54 cm x 60 cm, 2015, by Lombe Nsama
Speaking of the thick daubs of paint. If you have been observing Nsama’s work over the years, you will find that he is now more generous with his application of paint often applying thick impasto. One gets the impression that he is no longer struggling with art supplies as a rural teacher but can now afford to be a bit more extravagant not only in the use of materials but also in the lavish use of colour. His colour has clearly become warmer, if not brighter, interpreting a possible peace of mind, a time of personal peace and plenty that one might suppose Zambian school teachers have been enjoying in the past few years as their fortunes vis-à-vis standards of living for some reason or another seem to have improved stratospherically.

“Psychologically and professionally I feel am now ready. I can now show the people what I am pursuing. Pursuit for satisfaction and I believe they too will be satisfied,” says Nsama of the exhibition that will be on display until 1 June.

Nsama is all set for 14 May
Nsama continues to show exceptional promise among his generation of Zambian painters, clearly on his way to become “the” palette knife maestro and not only does he remain valuable as an educator, but he has also proven himself proficient as an administrator.
In 2012, he was the last recipient of the Henry Tayali Award for The Best Artist in 2 Dimensions at the National Arts Council of Zambia’s Ngoma Awards. From 2010 to 2011 he was secretary of the Zambia National Arts Teachers Association, Lusaka Province. In 2011 he was Interim Vice National Chairperson for the Zambia National Visual Arts (VAC) Council and in 2012 he was Vice National Secretary, VAC. He was also involved in coordinating participants during UNICEF’s Zambia’s Longest Painting Workshop last year. He is currently upgrading himself academically and is pursuing a BA in Fine Art at the Zambia Open University.

Meanwhile, submissions for the Abstract Mixed Media Art Competition 2015 themed African Freedom will be open from Monday to Friday next week, a prize giving ceremony and exhibition is scheduled for 30 May and entries are open to everyone from the age of six. Details can be obtained from the organizers at the Art Shop Limited at Ababa House, corner of Twikatane and Addis Ababa Road, Lusaka. All proceeds go to the Special Hope Network, a faith-based organization caring for children with intellectual disabilities in Zambia. In other news, early this week, the "Red Handed" artist Chipika Simanwe sealed a deal with Pavan Kumar Kottari the proprietor of The Spice, a restaurant off Chaholi Road in Rhodes Park which is now a permanent gallery for artist. The Spice joins artist Onesmos Mpande’s Footprint Gallery in Chalala as one of the new spots where contemporary Zambian art can be viewed in the capital.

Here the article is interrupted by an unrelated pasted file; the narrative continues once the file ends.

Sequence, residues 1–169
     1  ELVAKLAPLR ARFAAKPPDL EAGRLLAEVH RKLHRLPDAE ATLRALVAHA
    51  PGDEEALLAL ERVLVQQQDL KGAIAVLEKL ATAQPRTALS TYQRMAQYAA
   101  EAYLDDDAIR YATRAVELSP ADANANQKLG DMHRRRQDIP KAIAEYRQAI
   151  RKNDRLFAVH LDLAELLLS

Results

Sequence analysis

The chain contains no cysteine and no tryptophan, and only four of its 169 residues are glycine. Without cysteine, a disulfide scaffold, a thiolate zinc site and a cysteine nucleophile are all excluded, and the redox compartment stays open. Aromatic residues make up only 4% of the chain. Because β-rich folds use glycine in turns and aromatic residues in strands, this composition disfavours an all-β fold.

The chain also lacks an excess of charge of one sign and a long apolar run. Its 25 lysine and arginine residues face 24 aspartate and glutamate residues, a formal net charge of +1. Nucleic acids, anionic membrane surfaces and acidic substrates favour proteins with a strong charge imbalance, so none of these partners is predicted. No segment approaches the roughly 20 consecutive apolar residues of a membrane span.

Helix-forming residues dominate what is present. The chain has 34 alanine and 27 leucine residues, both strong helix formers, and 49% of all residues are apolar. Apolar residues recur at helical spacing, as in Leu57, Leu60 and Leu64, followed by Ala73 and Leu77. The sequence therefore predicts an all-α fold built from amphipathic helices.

Monday, 4 May 2015

Insoselo na Mapinda: Ancient Bemba Wisdom for Modern Living


By Andrew Mulenga

“Cimbwi pakulila pali uko ashintilile amatako” loosely translated as “When the hyena howls, his buttocks are firmly planted against something”, meaning “When someone insists on doing something unreasonable, risky or out of character, he is sure of support from some quarter that you might not be aware of”. That is just one of over 600 Bemba sayings and proverbs that have been translated into English and published in Insoselo na Mapinda: Ancient Bemba Wisdom for Modern Living a 270-page book co-authored by Sampa Kangwa-Wilkie and Mulenga Kapwepwe.

Officially launched last Thursday at the Pamodzi Hotel in Lusaka in an event that featured a “Special lecture on Language, Culture & Identity” by paramount chief of the Bemba people Chitimukulu Henry Sosala Manga Kanyanta II, the book is now available in leading bookstores countrywide.

The forword is written by celebrated Kenyan author Ngugi wa Thiong'o who points out the importance of proverbs and suggests that: “The proverb has three crucial stages in the cognitive process: observation, assessment and conclusion”. He describes the new book as a “timely intervention in the recovery of the basis of our being” as Africans.

The book is available in paperback as well as
the slightly pricier hard cover version
Mulanga bantu alapalama (One who teaches people comes near to them). One can only come near them through their languages. The missionaries understood this and translated the bible into African languages so that their messages could reach the people,” writes wa Thiong'o citing a Bemba proverb.

“The educated African middleclass must understand this. This book helps us do that: come closer to the Bemba speaking peoples but also learn from the wisdom, ethics, and philosophy carried in their proverbs,” he continues.

Wa Thiong'o’s mentioning of missionaries and translation brings to mind how indeed the bible has been translated many times but still holds its substance.

But conversely, translation is no easy undertaking, certain elements of narratives are often lost in translation, as such it is every so often amusing to listen to preachers arguing over interpretations of scripture often quoting the Greek or Latin to sound more sanctified to their flock or lawyers doing the same to clarify their points if not to sound more learned.